Resources for Native Americans with Disabilities: Rehabilitation

Consortium for Administrators of Native American Rehabilitation (CANAR)


Format           Consortium     


CANAR facilitates collaboration and cooperation among administrators of rehabilitation projects serving American Indian/Alaska Native (AI/AN) people with disabilities by 1) providing a forum to enable administrators to study, deliberate, and act upon matters affecting rehabilitation with the ultimate goal of expanding quality rehabilitation services to AI/AN people with disabilities; 2) providing a resource for the formulation and expression of collective points of view of administrators on issues affecting rehabilitation on reservations, trust territories, Alaska Native villages, and across the country and to disseminate these views to service providers, related facilities, companies, and concerned citizens, 3) providing a means of communication with related organizations and governmental bodies on matters related to rehabilitation service provision, education and research; 4) conducting and supporting research demonstration which leads to an improvement of rehabilitation services for AI/AN people with disabilities on reservations, trust territories, Alaska Native villages, and across the country; 5) promoting and maintaining service outcomes that develop a professional identity for practitioners in rehabilitation whose career goals are rehabilitation service provision, education, and administration to AI/AN people with disabilities; and 6) conducting and supporting efforts to increase the number of AI/AN practitioners in Vocational Rehabilitation.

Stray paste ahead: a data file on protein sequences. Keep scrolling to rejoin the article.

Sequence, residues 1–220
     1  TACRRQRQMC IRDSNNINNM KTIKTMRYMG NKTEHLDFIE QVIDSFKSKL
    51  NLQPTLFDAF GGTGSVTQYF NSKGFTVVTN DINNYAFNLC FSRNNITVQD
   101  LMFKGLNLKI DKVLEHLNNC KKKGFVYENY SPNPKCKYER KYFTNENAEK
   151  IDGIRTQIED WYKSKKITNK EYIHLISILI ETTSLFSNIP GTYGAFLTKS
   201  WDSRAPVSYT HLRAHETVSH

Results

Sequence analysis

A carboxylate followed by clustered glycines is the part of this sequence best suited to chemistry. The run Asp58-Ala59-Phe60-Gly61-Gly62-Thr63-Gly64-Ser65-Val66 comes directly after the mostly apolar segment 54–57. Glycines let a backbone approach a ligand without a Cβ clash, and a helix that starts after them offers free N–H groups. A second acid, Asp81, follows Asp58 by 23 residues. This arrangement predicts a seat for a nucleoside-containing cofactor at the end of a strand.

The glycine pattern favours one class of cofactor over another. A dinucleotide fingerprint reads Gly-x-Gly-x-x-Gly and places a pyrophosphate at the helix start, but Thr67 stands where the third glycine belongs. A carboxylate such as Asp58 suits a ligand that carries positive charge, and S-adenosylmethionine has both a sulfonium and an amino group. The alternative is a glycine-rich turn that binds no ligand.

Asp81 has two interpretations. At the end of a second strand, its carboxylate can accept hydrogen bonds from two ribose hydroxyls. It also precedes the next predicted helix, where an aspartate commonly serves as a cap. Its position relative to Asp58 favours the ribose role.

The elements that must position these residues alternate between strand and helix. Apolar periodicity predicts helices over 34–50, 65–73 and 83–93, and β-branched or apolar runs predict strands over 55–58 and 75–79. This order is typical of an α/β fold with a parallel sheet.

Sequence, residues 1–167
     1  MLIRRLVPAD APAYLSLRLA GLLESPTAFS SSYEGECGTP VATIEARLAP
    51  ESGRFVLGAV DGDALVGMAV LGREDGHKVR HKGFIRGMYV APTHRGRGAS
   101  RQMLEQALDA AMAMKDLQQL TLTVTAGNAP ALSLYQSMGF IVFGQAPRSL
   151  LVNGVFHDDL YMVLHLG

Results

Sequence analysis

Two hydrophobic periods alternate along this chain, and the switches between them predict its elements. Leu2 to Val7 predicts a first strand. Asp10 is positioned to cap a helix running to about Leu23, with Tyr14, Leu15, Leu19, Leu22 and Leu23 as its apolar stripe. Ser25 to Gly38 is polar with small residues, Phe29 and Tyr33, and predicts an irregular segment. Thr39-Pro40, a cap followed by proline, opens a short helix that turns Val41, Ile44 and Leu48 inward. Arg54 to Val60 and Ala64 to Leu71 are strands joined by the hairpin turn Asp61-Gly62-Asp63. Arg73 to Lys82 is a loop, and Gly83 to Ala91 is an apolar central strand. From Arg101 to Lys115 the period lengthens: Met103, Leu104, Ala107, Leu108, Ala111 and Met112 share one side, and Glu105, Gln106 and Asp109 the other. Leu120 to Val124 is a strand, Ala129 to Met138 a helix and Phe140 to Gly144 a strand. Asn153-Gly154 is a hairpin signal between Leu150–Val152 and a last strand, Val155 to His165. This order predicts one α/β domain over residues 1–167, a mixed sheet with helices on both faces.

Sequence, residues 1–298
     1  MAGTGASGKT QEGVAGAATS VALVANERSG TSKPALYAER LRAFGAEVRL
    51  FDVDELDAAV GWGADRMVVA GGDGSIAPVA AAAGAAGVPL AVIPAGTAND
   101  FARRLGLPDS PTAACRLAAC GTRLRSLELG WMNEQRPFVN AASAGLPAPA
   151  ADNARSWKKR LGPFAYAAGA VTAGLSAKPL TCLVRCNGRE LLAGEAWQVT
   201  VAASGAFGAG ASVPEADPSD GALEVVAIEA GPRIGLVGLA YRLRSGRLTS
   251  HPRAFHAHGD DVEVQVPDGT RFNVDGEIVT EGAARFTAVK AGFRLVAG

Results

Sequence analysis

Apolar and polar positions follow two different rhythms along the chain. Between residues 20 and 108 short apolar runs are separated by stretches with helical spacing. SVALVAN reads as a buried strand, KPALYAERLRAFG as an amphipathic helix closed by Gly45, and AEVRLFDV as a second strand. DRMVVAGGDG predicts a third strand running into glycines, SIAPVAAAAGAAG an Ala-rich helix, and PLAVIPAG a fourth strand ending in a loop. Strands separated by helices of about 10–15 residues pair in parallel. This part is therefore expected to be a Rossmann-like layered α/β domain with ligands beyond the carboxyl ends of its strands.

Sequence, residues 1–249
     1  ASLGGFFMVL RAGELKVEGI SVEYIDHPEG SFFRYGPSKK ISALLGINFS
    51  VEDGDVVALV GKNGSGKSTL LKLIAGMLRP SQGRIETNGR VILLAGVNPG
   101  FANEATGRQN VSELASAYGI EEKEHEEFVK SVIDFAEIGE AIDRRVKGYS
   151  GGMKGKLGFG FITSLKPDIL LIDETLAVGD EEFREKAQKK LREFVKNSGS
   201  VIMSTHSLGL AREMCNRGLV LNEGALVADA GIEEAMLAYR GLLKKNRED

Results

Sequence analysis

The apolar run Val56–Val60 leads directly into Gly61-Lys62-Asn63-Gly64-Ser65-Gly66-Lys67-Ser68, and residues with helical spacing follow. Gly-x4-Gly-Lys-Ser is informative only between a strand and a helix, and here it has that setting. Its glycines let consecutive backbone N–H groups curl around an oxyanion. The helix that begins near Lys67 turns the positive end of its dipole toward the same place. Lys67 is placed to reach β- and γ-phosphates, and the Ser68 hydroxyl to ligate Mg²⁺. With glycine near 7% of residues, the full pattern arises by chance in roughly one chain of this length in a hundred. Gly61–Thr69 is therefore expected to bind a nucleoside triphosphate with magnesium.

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Contact Name                 

Joe Kelley         




Contact Agency      

CANAR Administrative Office
105 Jefferson St.
Natchitoches, LA 71457
Phone: (318)354-7400
Fax: (318)354-7300



Rehabilitation and American Indians with Disabilities by Cathryn Marshall

Women’s International Leadership Institute


Format           Handbook


The purpose of this book is to introduce administrators, practitioners, and community members to working with American Indian/American Native (AI/AN) people with disabilities, provide models of intervention and training in terms of rehabilitation practice, and to present cultural factors and ethical concerns which influence models of research. It was intended that the lessons learned and the needs identified would serve to inform those helping AI/AN people with disabilities of the best practices for intervention with this population.


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